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Re: Incorrect waitpid-handling in buffer.c.

From: Kaz Kylheku
Subject: Re: Incorrect waitpid-handling in buffer.c.
Date: 3 Feb 2003 13:27:06 -0800

Pierre Asselin <pa@panix.com> wrote in message 
> In <mailman.1318.1044159438.21513.bug-cvs@gnu.org> "Johannes 
> =?iso-8859-1?q?Gr=F8dem?=" <johs+n@ifi.uio.no> writes:
> >* Pierre Asselin <pa@panix.com>:
> >> Don't you want to reset errno between syscalls?
> >What for?
> D'oh.  You do test the system call's return value ahead of errno.
> Never mind.

Some library functions are not defined as setting errno, but they
might do so nevertheless. So you do have a point there!

For those functions, the only way to detect that they set errno is to
set it to zero, then invoke the function, detect that it failed (by
some other means than checking errno), and on failure inspect errno.
If it's non-zero, then it holds some error code that probably pertains
to the cause of the error.

ANSI C defines only the EDOM and ERANGE errors (as of C89---maybe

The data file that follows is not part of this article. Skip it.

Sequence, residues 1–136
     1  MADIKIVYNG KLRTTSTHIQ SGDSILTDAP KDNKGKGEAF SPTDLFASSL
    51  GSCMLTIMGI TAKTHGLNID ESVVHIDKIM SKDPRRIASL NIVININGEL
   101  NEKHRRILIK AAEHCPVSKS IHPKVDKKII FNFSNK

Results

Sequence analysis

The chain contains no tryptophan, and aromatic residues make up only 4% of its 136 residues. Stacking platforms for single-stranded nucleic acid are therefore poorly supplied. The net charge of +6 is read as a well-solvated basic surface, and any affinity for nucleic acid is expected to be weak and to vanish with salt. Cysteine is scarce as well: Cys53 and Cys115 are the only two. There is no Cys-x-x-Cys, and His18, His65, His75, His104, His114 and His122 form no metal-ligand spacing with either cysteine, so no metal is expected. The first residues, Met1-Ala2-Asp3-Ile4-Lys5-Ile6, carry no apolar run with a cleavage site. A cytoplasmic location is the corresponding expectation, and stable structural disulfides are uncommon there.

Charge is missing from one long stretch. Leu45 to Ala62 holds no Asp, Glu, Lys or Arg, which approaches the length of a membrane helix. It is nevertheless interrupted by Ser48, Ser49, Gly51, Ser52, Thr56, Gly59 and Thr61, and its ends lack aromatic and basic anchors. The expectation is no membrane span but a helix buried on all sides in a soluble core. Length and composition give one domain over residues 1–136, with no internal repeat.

there are more in C99, I don't know offhand). Yet, on many platforms,
errors in the stream library will set errno too---for instance because
the stream library calls the POSIX functions. So in highly portable C
you can do things like:

   errno = 0;

   if ((ch = getc(in)) == EOF) {
      if (ferror(in)) { /* real error, not feof() */
         if (errno != 0) {
            /* have error code */
         } else {
            /* no error code, generic error handling or message */

POSIX doesn't distinguish system calls and library functions; you just
have to read the definition of the function to know whether or how it
affects errno.

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